1. gojuca Member

    Colombia )Spanish)
    Hi you all

    I was wondering if is there any difference between the two words I wrote above. Are these words interchangeables? If there is any difference between them, could you give me somes examples???

    Thanks in advance
  2. saia Senior Member

    Italian - Italy
    -To almost no degree; almost not: I could hardly hear the speaker.
    -Probably or almost surely not: "Easily was a man made an infidel, but hardly might he be converted to another faith"
    - With severity; harshly.
    - With great difficulty; painfully.

    In Standard English, hardly, scarcely, and similar adverbs cannot be used with a negative. The sentence I couldn't hardly see him, for instance, is not acceptable. But adverbs like hardly and scarcely do share some important features of negative adverbs, even though they may not have purely negative meaning. For one thing, they combine with any and at all, which are characteristically associated with negative contexts. Thus we say I hardly saw him at all or I never saw him at all but not I occasionally saw him at all. Similiarly, we say I hardly had any time or I didn't have any time but not I had any time and so on. Like other negative adverbs, hardly triggers inversion of the subject and auxiliary verb when it begins a sentence. Thus we say Hardly had I arrived when she left on the pattern of Never have I read such a book or At no time has he condemned the movement. The fact is that adverbs such as hardly can be said to have a negative meaning in that they minimize the state or event they describe. Thus hardly means "almost not at all"; rarely means "practically never"; and so forth. This is why they cannot be used with another negative such as not or none.

    - By a very little; hardly: could barely see the road in the fog.
    - In a scanty manner; sparsely: a barely furnished room.
  3. greco-mexicano Senior Member

    USA - English
    I use them interchangeably. I could barely hear her! I could hardly hear her! They mean the same thing to me. :)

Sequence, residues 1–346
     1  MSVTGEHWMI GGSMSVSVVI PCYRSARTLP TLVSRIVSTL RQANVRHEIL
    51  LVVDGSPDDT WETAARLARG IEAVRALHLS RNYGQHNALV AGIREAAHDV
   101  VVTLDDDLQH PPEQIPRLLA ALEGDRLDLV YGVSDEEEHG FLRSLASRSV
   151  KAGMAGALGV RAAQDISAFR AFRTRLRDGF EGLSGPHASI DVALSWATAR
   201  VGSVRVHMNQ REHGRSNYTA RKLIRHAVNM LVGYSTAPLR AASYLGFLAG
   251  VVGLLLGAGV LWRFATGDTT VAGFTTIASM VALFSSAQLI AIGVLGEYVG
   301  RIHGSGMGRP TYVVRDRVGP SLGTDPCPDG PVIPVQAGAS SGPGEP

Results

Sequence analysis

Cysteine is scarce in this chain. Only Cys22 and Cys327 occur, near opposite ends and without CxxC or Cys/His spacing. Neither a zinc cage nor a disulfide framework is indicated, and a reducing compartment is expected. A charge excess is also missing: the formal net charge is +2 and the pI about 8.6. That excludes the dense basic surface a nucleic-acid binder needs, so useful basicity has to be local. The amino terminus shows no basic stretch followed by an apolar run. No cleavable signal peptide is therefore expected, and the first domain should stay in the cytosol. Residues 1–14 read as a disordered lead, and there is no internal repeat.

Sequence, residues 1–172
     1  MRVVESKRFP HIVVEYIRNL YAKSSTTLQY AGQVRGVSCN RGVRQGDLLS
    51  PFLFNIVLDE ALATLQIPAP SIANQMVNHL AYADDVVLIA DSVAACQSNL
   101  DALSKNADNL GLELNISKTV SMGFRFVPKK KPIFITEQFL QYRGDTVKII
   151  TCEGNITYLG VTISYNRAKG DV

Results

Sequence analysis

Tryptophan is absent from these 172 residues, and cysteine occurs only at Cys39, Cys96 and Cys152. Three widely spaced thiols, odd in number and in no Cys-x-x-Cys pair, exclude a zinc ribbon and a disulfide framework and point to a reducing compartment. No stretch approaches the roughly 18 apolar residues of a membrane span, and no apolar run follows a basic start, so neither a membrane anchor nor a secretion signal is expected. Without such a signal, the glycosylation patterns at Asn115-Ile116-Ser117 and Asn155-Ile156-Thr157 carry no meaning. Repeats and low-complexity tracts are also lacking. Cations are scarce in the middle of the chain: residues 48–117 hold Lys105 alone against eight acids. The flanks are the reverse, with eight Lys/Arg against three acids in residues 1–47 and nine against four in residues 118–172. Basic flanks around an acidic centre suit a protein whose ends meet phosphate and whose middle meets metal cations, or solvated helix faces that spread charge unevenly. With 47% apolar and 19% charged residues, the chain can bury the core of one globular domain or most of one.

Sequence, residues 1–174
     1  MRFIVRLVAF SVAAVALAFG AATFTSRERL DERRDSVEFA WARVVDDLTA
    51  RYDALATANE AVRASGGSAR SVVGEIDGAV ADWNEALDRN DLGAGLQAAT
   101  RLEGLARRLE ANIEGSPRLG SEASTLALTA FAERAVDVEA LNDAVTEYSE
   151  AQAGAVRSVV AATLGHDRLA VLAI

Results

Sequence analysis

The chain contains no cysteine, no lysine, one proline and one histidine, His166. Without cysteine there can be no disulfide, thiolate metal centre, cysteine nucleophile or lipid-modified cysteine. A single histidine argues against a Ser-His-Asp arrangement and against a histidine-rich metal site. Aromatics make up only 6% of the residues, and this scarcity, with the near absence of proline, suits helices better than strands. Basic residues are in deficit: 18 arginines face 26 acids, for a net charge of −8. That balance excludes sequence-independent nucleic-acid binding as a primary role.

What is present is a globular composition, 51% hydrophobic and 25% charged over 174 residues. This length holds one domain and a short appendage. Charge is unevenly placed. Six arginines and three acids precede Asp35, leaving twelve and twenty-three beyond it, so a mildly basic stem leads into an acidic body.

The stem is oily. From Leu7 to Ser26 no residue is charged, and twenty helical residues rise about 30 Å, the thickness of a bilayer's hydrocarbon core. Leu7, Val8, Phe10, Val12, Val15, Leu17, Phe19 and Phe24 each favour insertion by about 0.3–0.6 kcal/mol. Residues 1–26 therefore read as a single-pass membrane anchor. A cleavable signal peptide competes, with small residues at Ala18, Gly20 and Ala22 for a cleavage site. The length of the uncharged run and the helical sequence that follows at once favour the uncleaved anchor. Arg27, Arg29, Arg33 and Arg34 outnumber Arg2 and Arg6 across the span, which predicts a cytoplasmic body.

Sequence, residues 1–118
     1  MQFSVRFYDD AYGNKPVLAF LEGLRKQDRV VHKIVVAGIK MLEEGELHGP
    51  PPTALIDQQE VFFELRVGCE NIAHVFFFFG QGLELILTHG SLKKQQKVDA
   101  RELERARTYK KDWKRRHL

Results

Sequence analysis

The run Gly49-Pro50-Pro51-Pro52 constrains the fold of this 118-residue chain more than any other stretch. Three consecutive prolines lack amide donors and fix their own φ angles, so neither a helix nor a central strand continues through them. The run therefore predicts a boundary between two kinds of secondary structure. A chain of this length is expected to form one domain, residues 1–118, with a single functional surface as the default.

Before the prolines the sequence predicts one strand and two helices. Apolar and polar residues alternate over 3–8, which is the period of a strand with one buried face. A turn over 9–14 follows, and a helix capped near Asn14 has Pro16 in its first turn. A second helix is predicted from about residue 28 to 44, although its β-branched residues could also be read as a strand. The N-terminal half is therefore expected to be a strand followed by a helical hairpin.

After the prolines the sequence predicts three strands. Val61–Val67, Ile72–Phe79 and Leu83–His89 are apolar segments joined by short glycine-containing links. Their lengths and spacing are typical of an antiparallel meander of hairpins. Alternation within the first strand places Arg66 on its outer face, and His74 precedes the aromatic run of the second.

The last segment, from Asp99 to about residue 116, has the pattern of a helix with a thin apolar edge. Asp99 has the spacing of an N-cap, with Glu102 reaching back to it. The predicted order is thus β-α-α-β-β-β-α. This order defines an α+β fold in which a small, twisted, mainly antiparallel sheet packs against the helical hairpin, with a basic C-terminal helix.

4. clotimer

    clotimer Senior Member

    I would translate both for apenas.
  5. gojuca Member

    Colombia )Spanish)
    Thanks everyone, but I must say: wooooowwwww Saia your explanatìon it´s very clear.

    Thank you very much.
  6. Bil

    Bil Banned

    English USA

    ¡Ay! Éste es un verdadero rompecabezas. En la mayoría de los casos, los adverbios "barely," "hardly" y "scarcely" son sinónimos, en el sentido de "apenas" o "casi no." Pero—hay siempre un 'pero', ¿no?—"barely" y "scarcely" pueden significar "no más de," mientras que "hardly," si no me equivoco, no.

    I ate so much, I can barely/hardly button my pants. (apenas)
    I drank so much wine, I can barely/hardly walk. (casi no)
    He is barely/scarcely/hardly four feet tall. (no más de)
    I have barely/scarcely/hardly five dollars to my name. (no más de)
  7. franpliego Member

    Llevo una hora intentando traducir la explicación de saia como practica del día y ya de paso para entender la diferencia entre hardly and barely y no soy capaz. Podría alguien echarme una mano?
  8. el_ochito Senior Member

    Caracas - Venezuela
    Spanish - Venezuelan
    fran, para ser sobradamente claro veamos en español el uso "básico" de ambas.

    Hardly: casi que no

    I have hardly any friends = Casi no tengo amigos
    I can hardly walk = Casi que no puedo caminar

    Barely: apenas
    I barely speak a little Italian = Apenas hablo algo de italiano
    My mother barely made it home before the rain = Mi madre apenas alcanzó a llegar a casa antes de que lloviera.

    Como en español, hay casos en los que se pueden intercambiar directamente, hay otros en los que no, y hay otros en los que crean una pequeña diferencia de significado.

Share This Page